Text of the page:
My home life revolves around food two days a week. I love cooking and for a year I’ve had almost no-one to cook for.
I discovered some months ago that when I don’t cook, I get more stressed. I’ve been nodding sympathetically at people’s stories of the joy of baking and their discovery of sourdough.
I have a very large repertoire of dishes and I love cooking and… I’m on a bit of a restricted diet. Also, I have deadlines on top of deadlines.
This is why I liberate myself twice a week. To be honest, it’s sometimes more than twice a week and sometimes less. This week it’s been fewer long sessions but more sessions, because someone gave me many tomatoes and I made a tomato base for almost any food. It was one that took four days, on and off, because it’s winter here and tomatoes are watery. Six kilograms of tomatoes gave me 1 ½ litres of my sauce. I instantly gave a half litre to a friend who is helping me get out of the internet nightmare this month has been (I haven’t lost my internet at any stage, but my landline has been missing in action for twenty days so far), so I have just enough for seven days of interesting food.
When that was done, I looked in my fridge. I have trouble putting out rubbish (the bins are tall and heavy and 100 metres away, and I’m working on my lifting muscles so that I can regain that truly exciting fragment of my life) so when friends come by, they often take a bag of rubbish out with them.
Since I know this friend will be drilling in my wall tomorrow to help solve one of the problems that has been bugging things around here, I spent an hour tonight chopping up everything that looked old or in need of finishing. I threw out the bruised mushrooms and cut the rest. I found so many shallots, getting sad and in need of love. That was really all I did tonight. I have several containers of vegetables, and I have all that passata, and I have 3 meals’ worth of salads made, so I don’t have to cook until Friday. I will probably do another bout on Wednesday, for cooking helps me think, then I’ll leave it to the weekend. All the scraps are ready to go out and my fridge looks much less crowded.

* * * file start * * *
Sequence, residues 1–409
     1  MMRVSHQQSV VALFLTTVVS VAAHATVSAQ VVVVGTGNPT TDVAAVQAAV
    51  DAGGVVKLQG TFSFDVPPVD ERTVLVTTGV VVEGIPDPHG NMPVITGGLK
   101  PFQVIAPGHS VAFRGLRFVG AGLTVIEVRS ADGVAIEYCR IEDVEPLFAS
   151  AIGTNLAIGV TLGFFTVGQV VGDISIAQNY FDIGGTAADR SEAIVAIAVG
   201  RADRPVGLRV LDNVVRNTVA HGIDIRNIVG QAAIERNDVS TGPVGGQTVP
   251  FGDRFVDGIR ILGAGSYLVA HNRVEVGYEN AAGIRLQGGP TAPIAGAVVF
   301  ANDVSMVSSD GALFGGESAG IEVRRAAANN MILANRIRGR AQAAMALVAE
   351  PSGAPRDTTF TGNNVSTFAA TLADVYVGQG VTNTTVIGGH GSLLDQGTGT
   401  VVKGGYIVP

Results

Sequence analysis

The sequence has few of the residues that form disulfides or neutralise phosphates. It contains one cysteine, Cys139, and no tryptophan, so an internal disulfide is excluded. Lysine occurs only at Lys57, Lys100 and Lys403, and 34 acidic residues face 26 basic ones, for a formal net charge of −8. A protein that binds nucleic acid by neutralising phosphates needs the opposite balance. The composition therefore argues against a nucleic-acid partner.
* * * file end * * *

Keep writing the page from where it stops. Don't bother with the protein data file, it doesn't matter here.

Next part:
What am I going to cook with the tomatoes and vegetables? I’m so glad you asked.
One container is earmarked for shakshuka, because I have everything I need for that except cayenne and I can wing cayenne given I have seven other types of chili. The other is for a pasta sauce with those mushrooms, some of the shallots (or maybe an onion), kalamata olives, feta cheese and maybe, just maybe, some green capsicum. These are both easy and quick dishes once one has a good tomato base, and this week is furiously busy.
I’m not cooking any bread. I can cook bread. I’ve cooked bread since I was a pre-teen. It’s not good for me and I love it and everyone else is talking about it all the time, so I’m not even going to make a flatbread to eat with the shakshuka. Yes, I’m sulking. Bread is fun to make and kneading gives me time to think and my writing is the better for it… but it’s not good for me. I have a right to sulk.
When I’m past this deadline I get to explore some of the more interesting ingredients in my cupboard. Some of my friends (who know me all too well) send me little parcels of local food from their country or they send me chocolate and tea. Food. I get occasional hampers of food from wise friends. I love these hampers and I eat most of them fairly quickly, then stash some parts away for when I need to be cheered up. I have herbes de Provence from France and chocolate from Ireland and grits from Germany and more, hidden so that on bad days when I open the larder and stare in misery, memories of those hampers stare back and I’m forced to smile and totally and entirely forced to cook.
Some of my ingredients are a little old now. I’m still saving them. I predicted the disruption to international post and knew my presents from friends would be rare for a time and I refused to not have my friends make me smile, so I checked all the use by dates and put the must-eat at the friend of the larder, the must-eat within a few months within eyesight (but not at the front) and the will-;last-forever under everything.
What’s very odd is despite the fact that I’m not supposed to mix with people (iso is iso – so many of us have health issues) I make sure I have enough food to feed several friend sin case they drop round. Which they won’t. Which, in fact, they can’t. But it makes me happy to know I can feed people.
This post was brought to you by my favourite (Korean) instant noodles. They are one of my cheer-up foods and they are currently unobtainable. I ate my last packet tonight. Don’t worry – I still have chocolate.